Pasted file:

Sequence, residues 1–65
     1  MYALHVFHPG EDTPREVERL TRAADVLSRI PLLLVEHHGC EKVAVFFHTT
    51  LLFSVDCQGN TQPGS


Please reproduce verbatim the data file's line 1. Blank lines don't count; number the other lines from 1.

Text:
Sequence, residues 1–65